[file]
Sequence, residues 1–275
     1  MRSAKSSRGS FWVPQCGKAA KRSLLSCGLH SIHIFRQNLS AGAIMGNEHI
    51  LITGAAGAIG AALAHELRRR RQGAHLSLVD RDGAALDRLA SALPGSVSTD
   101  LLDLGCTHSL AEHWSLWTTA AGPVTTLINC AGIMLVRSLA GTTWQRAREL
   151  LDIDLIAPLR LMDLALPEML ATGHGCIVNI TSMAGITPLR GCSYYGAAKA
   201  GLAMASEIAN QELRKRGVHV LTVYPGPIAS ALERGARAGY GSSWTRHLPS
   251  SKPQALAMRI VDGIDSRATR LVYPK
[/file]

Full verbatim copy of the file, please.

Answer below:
Sequence, residues 1–275
     1  MRSAKSSRGS FWVPQCGKAA KRSLLSCGLH SIHIFRQNLS AGAIMGNEHI
    51  LITGAAGAIG AALAHELRRR RQGAHLSLVD RDGAALDRLA SALPGSVSTD
   101  LLDLGCTHSL AEHWSLWTTA AGPVTTLINC AGIMLVRSLA GTTWQRAREL
   151  LDIDLIAPLR LMDLALPEML ATGHGCIVNI TSMAGITPLR GCSYYGAAKA
   201  GLAMASEIAN QELRKRGVHV LTVYPGPIAS ALERGARAGY GSSWTRHLPS
   251  SKPQALAMRI VDGIDSRATR LVYPK